Q&A: Brazil to Offer Incentives for Shale Exploration

(Argus, 11.Jan.2022) — Brazil wants to start exploration and production of non-conventional gas resources, such as shale and tight gas, rekindling the public debate that prevented the country from such operations in the mid-2010s. Argus talked to Rafael Bastos da Silva, oil and gas secretary at the ministry of mines and energy, about a program to offer incentives to companies to produce shale and tight gas.

What is the “Poço Transparente” program?

It was created to lead Brazil to drill its first non-conventional resources well. Brazil has practiced fracking [hydraulic fracturing] for some time, but for conventional resources. The new program aims at starting the non-conventional resource production, with all the informational transparency — all data on the activity being published online, such as preliminary information, aquiferinformation, as well as the composition of the fluids used, volumes injected, polymers used to hold the fracks. All of these with total transparency.

Is this a research and development program?

Not quite, but the program allows the oil companies to use these resources. Since Poço Transparente will generate knowledge about non-conventional resources and allow the public to follow its development, this data will also benefit the authorities in the sector, such as the public prosecutor, Ibama (Brazilian institute for environmental protection) and state authorities will be able to improve their regulations.

How is Poço Transparente structured?

We will soon release a public notice with the criteria for companies to participate in the program. There will be a minimum experience period requirement. These companies must already operate conceded oil and gas areas in the country. They can file their interest to explore the non-conventional resource, and if they meet the criteria, they are authorized. It is not a competition — any company with a concession that meets the criteria will be authorized to present its project.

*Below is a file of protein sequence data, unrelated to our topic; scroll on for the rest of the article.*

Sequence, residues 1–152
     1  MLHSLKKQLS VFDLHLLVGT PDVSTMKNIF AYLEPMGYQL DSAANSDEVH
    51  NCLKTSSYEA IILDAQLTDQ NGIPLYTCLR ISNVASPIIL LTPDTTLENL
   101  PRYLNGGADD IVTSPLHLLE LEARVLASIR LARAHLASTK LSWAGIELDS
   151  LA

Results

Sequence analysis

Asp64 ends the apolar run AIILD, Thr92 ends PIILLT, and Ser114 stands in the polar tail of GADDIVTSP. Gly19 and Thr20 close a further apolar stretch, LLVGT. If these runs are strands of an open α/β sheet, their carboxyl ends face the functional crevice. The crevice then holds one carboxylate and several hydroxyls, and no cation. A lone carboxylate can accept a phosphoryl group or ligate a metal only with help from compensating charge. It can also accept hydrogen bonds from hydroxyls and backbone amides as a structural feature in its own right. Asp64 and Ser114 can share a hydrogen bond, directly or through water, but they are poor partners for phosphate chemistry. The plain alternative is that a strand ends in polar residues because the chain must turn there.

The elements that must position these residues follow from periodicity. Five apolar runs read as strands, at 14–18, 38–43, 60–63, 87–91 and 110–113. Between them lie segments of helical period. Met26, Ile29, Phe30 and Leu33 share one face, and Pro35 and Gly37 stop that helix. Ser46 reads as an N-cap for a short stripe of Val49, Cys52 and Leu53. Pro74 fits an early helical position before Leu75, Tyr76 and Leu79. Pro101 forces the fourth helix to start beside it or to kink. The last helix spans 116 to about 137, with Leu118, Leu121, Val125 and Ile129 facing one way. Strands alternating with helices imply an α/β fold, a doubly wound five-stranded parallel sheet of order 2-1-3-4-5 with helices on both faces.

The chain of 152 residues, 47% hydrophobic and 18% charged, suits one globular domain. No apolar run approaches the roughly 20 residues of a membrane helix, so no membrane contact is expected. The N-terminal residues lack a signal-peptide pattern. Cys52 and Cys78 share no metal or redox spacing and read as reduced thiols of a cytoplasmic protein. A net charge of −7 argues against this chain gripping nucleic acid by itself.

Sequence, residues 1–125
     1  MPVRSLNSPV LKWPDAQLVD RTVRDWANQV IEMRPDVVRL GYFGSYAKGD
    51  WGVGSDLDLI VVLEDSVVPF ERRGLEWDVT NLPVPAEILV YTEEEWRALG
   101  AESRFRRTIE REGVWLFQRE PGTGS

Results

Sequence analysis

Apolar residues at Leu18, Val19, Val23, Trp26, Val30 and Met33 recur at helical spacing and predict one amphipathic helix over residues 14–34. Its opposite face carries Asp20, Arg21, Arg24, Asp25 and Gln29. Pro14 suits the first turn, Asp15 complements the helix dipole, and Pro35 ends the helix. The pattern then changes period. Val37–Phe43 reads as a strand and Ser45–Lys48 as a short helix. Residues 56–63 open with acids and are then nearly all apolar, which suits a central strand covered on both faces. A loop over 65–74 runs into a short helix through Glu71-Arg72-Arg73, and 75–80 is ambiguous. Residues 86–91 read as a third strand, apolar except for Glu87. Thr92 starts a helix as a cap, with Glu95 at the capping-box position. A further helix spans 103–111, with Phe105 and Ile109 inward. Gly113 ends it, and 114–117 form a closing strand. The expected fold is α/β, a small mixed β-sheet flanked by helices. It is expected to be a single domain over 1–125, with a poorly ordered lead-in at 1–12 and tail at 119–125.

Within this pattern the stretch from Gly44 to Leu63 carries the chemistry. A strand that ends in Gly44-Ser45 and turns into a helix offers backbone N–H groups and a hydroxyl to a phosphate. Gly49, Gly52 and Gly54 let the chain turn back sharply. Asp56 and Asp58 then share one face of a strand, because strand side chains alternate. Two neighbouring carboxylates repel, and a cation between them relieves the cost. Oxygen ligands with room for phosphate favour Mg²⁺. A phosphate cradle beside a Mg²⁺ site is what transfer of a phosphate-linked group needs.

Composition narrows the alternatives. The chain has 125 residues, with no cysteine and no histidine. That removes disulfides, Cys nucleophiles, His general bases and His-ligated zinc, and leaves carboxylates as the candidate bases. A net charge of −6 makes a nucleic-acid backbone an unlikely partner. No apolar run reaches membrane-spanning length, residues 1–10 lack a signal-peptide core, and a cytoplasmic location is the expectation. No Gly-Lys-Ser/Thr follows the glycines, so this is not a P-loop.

Are there incentives for companies to participate?

Yes, the Poço Transparente program was authorized by the government and by the oil and gas regulatory agency ANP so that participants can, for instance, be able to reduce the royalties’ payment to 5pc (from around 10pc or 7pc). Players can also use their compulsory research and development resources share for a non-conventional resources well and request that agreements made with ANP for non-compliance with minimum local content can be used in investments thought the Poço Transparente program.

This is a program created with the participation of the finance minister program of partnerships and investment (PPI). Will players have to pay to participate and are there fast tracks?

The PPI is helping to make the program viable, providing support for the environment license, but there is no fast track, just a support — showing that this program is perceived as being important for Brazil, with the potential to generate economic development.

Since this project will take place in areas already under concession, there are no new bonuses or concession fees to be paid. All the rules for the concession contract will be kept, with a reduction of royalties for the new well, but all the previous rules kept.

In 2013 the first attempts to drill wells for non-conventional gas were stopped by court orders. Do you think the Brazilian public is now ready to accept non-conventional gas production activity?

The public is more mature, and this project aims at bringing more information to all the population and authorities, to allow all the layers in society to follow and verify how the non-conventional resources are produced. This can allow each to reach their own understandings and to improve regulation and actions related to the environmental licensing.

Furthermore, we have seen Argentina with the production of Vaca Muerta, and Brazil getting behind, not even knowing where we stand. Also, the world is seeing gas and power prices skyrocketing and the urgency of the energy transition. The world has changed and we have more maturity to talk about the issue.

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By Flávia Pierry